Consider getting a credit card, such as a secured card or one from your favorite retailer. Then, begin making small purchases. Pay off your balance in full each month and resist the temptation to go on a swiping spree.
If a credit card will be too tempting then do not get one. The risk of debt just isn’t worth it. I didn’t get my first card until after I moved out, but making my car payments on time each month was enough to give me some type of solid credit history!
*You can keep up with your credit score for free with Credit Sesame. And no, it won’t affect your score!
PAY OFF AS MUCH DEBT AS YOU CAN
If you have any debt, such as a car loan or credit cards, pay down as much as you can before you leave the nest.
Obviously, when you pay off an account balance you have more money to contribute to other things thus giving yourself more cushion when life gets real.
Think about it, if you’re paying $200 on credit cards now that’s $200 you have tied up in debt. Pay that off and you have $200 more to work with!
I paid off $34.9k on a single income, and I help other ambitious working women do the same through a simple goal-based budget! Click here to learn how I can help you!
Posts you need to check out if you need to pay off debt!
- How to Pay off Thousands in Debt as a Single Mom. Yes, Even on a Low Income!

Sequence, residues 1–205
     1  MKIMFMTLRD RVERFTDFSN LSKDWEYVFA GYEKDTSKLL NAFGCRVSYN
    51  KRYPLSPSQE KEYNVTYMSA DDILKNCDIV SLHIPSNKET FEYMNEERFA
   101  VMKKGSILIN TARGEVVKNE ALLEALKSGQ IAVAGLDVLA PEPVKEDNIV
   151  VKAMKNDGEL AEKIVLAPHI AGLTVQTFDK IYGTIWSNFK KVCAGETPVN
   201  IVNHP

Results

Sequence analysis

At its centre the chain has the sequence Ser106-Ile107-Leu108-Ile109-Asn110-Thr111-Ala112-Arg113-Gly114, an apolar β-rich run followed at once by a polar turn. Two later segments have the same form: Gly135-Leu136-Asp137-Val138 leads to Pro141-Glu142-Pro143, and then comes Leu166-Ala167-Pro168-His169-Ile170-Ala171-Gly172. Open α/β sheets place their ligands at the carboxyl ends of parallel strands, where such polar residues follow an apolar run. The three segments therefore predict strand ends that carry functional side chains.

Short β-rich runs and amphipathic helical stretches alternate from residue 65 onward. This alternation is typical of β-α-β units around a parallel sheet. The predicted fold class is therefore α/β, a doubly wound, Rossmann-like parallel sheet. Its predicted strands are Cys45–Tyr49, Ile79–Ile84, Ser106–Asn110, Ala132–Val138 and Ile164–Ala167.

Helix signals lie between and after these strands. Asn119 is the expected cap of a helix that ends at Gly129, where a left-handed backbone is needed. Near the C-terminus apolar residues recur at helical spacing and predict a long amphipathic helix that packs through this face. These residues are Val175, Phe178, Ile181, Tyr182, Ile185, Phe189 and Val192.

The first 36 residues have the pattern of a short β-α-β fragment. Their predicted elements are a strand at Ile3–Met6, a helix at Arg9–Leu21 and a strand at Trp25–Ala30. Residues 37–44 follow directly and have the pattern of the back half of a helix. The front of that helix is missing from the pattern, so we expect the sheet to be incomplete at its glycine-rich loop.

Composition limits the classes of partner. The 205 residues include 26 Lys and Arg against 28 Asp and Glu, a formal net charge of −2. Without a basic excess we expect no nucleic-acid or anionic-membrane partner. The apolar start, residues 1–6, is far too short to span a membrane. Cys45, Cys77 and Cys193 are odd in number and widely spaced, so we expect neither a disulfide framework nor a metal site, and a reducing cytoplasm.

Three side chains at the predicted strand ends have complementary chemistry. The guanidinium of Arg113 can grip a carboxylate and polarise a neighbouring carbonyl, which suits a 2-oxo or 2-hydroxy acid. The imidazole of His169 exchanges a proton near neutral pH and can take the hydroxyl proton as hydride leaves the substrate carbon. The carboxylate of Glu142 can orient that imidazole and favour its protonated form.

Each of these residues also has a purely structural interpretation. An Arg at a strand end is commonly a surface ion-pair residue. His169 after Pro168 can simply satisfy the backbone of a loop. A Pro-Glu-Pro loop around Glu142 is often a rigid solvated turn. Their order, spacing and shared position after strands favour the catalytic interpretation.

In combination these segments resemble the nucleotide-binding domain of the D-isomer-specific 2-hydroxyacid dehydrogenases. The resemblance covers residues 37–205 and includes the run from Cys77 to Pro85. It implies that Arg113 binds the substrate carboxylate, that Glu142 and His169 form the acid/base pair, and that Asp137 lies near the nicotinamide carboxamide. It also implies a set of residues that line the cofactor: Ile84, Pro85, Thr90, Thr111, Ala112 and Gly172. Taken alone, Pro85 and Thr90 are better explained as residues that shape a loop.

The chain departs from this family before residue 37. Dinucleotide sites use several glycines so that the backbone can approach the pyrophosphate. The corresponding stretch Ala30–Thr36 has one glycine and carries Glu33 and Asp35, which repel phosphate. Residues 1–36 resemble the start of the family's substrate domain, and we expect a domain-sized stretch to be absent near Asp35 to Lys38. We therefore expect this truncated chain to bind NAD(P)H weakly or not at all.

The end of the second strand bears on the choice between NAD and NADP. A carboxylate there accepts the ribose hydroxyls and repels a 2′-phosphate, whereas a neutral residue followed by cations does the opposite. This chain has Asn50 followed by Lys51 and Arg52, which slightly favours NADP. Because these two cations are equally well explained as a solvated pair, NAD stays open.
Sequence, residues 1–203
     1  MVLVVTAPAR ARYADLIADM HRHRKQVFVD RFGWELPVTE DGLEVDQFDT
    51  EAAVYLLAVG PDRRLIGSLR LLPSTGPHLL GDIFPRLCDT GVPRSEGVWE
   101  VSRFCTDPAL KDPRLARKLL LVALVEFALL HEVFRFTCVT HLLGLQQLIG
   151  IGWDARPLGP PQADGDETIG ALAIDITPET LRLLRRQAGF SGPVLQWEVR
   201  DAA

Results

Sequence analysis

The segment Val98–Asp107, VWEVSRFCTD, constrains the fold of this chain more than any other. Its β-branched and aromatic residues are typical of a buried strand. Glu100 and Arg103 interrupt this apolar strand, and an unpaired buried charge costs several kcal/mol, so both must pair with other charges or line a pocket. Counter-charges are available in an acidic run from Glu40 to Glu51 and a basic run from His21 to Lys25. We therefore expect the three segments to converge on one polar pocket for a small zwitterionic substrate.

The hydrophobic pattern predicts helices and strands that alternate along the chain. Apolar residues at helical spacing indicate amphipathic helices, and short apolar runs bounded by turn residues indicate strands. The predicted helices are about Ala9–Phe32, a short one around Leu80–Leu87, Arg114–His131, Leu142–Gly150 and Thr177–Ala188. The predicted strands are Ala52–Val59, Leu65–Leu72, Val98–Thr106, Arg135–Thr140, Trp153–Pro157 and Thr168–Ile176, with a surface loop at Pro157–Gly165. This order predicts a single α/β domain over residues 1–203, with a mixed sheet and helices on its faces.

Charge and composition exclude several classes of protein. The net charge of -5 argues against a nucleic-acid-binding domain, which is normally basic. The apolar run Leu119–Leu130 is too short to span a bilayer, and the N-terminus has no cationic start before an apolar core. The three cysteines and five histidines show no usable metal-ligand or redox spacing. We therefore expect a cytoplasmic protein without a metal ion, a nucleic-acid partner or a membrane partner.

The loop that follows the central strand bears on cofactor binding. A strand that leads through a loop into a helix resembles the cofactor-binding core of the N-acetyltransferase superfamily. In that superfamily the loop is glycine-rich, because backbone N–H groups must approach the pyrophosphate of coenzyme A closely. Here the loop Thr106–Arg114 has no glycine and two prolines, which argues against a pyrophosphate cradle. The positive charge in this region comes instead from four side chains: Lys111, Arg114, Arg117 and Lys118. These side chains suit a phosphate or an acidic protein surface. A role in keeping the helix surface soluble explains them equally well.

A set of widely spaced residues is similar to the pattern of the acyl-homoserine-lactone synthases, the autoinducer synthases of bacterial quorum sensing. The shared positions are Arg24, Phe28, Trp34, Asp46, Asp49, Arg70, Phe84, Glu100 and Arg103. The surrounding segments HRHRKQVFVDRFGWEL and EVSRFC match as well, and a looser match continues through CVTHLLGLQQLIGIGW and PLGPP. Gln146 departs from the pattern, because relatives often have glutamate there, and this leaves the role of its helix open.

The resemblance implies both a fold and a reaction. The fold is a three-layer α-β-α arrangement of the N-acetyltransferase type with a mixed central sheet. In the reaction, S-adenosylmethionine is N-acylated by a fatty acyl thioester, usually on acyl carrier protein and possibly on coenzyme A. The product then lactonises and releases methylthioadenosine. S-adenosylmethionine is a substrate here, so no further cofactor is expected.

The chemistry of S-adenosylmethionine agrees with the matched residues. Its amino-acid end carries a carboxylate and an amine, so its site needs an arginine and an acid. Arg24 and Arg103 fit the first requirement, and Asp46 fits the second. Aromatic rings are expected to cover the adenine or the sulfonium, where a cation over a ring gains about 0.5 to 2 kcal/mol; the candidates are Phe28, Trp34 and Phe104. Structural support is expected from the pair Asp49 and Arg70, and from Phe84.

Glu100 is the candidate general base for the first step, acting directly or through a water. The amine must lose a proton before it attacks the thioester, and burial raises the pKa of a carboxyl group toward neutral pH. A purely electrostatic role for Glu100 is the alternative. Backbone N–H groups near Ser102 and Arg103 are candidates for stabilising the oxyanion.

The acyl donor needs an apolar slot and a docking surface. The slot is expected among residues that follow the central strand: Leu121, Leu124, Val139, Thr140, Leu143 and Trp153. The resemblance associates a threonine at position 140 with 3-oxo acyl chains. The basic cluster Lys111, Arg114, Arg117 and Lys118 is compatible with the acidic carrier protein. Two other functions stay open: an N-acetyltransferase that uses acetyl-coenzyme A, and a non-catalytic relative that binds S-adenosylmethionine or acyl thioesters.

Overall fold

- 5 Painless Ways to Pay Off Credit Card Debt on a Low Income
- 5 Proven Ways to Get out of Debt When You’re Broke!
- Pay a Credit Card with a Credit Card? – Here’s How to Do It!
- 9 Things That Are Making You Broke – That You Don’t Realize!
- I’m Debt Free! How to Get Out of Debt as a Single Mom
BUILD AN EMERGENCY FUND
Look, cars break down, unexpected bills pop up, and sometimes we go into the grocery store hangry and blow our budgets!
If there’s one thing I know, it’s that life will throw you curveballs so you have to expect the unexpected.
When I was moving out for the first time, I had 6 months’ worth of rent payments saved up and let me just say that it helped a ton!
Through all of the uh-oh moments, I had the peace of mind that at least my rent would be paid.
Even if you can only save a few dollars at a time, having the money you can fall back on not only keeps you from getting evicted, but it reduces the likeliness of you having to put yourself into debt because you don't have enough money to pay for something.
Tips to help you build your money stash:
- Start a side-hustle. This could be monetizing your hobby, getting a part-time job, etc.
- Cut and/or reduce expenses from your budget
- Host a garage sale before your move
- Sell your unwanted items online via eBay, Facebook Marketplace, etc.
Related reading: 10 Easy Ways You Can Make Extra Money From Home
GET A ROOMMATE